Every com­pa­ny wants to lead their indus­try, and doing so means remain­ing com­pet­i­tive. With the rate of speed the world expe­ri­ences change in this age that is a very dif­fi­cult propo­si­tion. For an HR pro­fes­sion­al, it is increas­ing­ly more dif­fi­cult to stay ahead of the curve.

So, what are the crit­i­cal pieces to the strategy?
• Agility
• Change Management
• Culture
Know­ing that, how do the three con­cepts tie to one another?

We start with agility.

When it comes to this part of the strat­e­gy, what HR pro­fes­sion­als real­ly want is to be able to adjust at a moment’s notice. But it’s not enough to just be able to make the change. The HR pro­fes­sion­al wants to effec­tive­ly imple­ment the change in the organization.

Of course, that change doesn’t just hap­pen at the drop of the hat. It requires lead­er­ship and even some maintenance.

That’s where change man­age­ment comes into the mix. HR Exchange Net­work con­trib­u­tor John Whitak­er says:
“Change can and will come quick­ly. Change man­age­ment is a help­ful (and some­times hope­ful) way to plan the actions and respons­es need­ed dur­ing a change process. But you must take advan­tage of those times where you are thrown into a chaot­ic sit­u­a­tion with­out the ben­e­fit of planning.”

Final­ly, that brings us to culture.

In address­ing this con­cept, Cul­tureIQ worked with Bloomberg to sur­vey 300 senior exec­u­tives about the Future of Work. In that research, one of the first things they learned is work is becom­ing more com­plex. How? Con­sid­er first that com­pa­nies are becom­ing more agile either by force or organ­i­cal­ly. Exec­u­tives know they have to do this in order to remain com­pet­i­tive. Opti­miz­ing a tal­ent­ed work­force, pre­dict­ing tal­ent needs and keep­ing reten­tion rates high are crit­i­cal to sus­tain­ing your organization’s com­pet­i­tive advantage.

In fact, CEOs rec­og­nized that one of the most impor­tant fac­tors in their organization’s per­for­mance for the next three years was ensur­ing their orga­ni­za­tion was agile.

Cul­tureIQ says agili­ty ranked high­er than oth­er attrib­ut­es like col­lab­o­ra­tion, engage­ment, or innovation.
A company’s cul­ture is imper­a­tive to its strat­e­gy espe­cial­ly when you con­sid­er this fact: cul­ture influ­ences whether tal­ent is attract­ed or not attract­ed to the com­pa­ny. It’s also sig­nif­i­cant in the company’s abil­i­ty to retain their best employees.

Accord­ing to Gallup, 4 in 10 U.S. employ­ees strong­ly agree their organization’s mis­sion and pur­pose makes them feel their job is impor­tant. Furthermore:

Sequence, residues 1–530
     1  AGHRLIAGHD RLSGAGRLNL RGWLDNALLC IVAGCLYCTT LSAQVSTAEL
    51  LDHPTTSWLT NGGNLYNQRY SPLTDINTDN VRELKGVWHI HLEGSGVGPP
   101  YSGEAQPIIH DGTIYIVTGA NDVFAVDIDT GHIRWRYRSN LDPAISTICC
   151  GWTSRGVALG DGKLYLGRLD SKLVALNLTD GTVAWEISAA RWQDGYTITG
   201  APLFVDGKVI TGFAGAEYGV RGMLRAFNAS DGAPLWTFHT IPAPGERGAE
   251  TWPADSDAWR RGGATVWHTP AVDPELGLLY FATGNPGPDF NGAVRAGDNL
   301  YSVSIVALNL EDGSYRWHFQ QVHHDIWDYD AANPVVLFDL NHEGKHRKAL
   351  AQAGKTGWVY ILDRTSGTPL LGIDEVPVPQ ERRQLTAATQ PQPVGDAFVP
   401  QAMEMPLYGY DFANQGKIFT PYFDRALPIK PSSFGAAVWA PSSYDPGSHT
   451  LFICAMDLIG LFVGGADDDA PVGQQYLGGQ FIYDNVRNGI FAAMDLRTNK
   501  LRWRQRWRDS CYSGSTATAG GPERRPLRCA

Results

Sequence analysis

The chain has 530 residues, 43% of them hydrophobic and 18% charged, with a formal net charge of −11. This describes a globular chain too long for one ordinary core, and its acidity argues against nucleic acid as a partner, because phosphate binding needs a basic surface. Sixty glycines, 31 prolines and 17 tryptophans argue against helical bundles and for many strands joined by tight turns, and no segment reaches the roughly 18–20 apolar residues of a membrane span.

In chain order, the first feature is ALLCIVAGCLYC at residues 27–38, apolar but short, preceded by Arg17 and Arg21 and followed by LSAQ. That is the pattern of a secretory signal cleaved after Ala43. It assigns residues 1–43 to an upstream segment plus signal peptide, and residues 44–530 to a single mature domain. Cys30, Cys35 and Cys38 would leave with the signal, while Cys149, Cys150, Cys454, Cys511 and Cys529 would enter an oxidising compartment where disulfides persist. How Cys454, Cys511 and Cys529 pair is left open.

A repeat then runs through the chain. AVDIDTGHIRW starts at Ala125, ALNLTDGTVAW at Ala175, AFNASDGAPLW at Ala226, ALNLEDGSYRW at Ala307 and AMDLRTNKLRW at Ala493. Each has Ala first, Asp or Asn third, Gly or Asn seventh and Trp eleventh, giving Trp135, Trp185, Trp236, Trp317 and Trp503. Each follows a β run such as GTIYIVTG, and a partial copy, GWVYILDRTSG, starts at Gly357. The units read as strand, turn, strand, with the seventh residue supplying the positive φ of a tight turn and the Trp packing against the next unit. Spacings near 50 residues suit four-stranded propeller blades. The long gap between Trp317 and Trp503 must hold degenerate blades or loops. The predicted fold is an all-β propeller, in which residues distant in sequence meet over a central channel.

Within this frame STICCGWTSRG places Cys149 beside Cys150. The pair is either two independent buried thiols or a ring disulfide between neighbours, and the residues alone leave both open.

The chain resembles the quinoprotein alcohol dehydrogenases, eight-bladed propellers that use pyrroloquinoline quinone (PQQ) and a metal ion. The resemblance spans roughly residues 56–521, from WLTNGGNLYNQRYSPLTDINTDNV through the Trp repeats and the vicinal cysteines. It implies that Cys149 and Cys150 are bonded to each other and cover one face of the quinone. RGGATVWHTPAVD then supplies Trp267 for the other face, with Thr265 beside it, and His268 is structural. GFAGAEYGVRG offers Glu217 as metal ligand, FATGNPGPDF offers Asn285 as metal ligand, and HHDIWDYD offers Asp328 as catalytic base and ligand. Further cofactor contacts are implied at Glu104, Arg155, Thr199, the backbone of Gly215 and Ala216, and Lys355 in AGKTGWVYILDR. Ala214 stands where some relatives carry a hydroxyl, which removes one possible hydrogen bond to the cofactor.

“By dou­bling that ratio to eight in 10 employ­ees, orga­ni­za­tions could real­ize a 41% reduc­tion in absen­teeism, a 33% improve­ment in qual­i­ty, or in the case of health­care, even a 50% drop in patient safe­ty incidents.”
Gallup has stud­ied orga­ni­za­tion­al cul­ture and lead­er­ship for years. They find some orga­ni­za­tions have dif­fi­cul­ty in suc­cess­ful­ly estab­lish­ing their “ide­al” cul­ture and attribute that to the fact that cul­ture is con­stant­ly in flux and is not the same one moment to the next.

Ear­li­er this year, researchers looked specif­i­cal­ly at how HR lead­ers fit into the process of chang­ing culture.
“Our ana­lyt­ics show that in the world’s high­est per­form­ing orga­ni­za­tions, HR lead­ers play a cen­tral role in cre­at­ing and sus­tain­ing the cul­ture their orga­ni­za­tion aspires to have. As the stew­ards and keep­ers of the cul­ture, HR lead­ers are respon­si­ble for inspir­ing desired employ­ee behav­iors and beliefs — and in turn, real­iz­ing the per­for­mance gains of a thriv­ing culture.

By own­ing their piv­otal strate­gic and tac­ti­cal roles in shap­ing work cul­ture, HR lead­ers can cul­ti­vate excep­tion­al per­for­mance and prove to senior lead­er­ship that they deserve a seat at the table.”

For HR, Gallup set forth three roles that explain how lead­ers influ­ence culture.
1. Cham­pi­on – Exec­u­tive lead­ers cre­ate the vision of the per­fect cul­ture, but HR lead­ers cham­pi­on it. They are respon­si­ble for turn­ing words into deeds.
2. Coach – HR lead­ers, as coach­es, make sure man­agers and employ­ees are on the same page and help the two enti­ties take own­er­ship of the culture.
3. Con­sul­tant – HR lead­ers here con­sis­tent­ly check cul­ture met­rics such as employ­ee engage­ment, cus­tomer out­lines and per­for­mance indi­ca­tors. In this way, HR lead­ers can make sure the cul­ture strat­e­gy stays on track.

By Mason Stevenson
Orig­i­nal­ly post­ed on hrexchangenetwork.com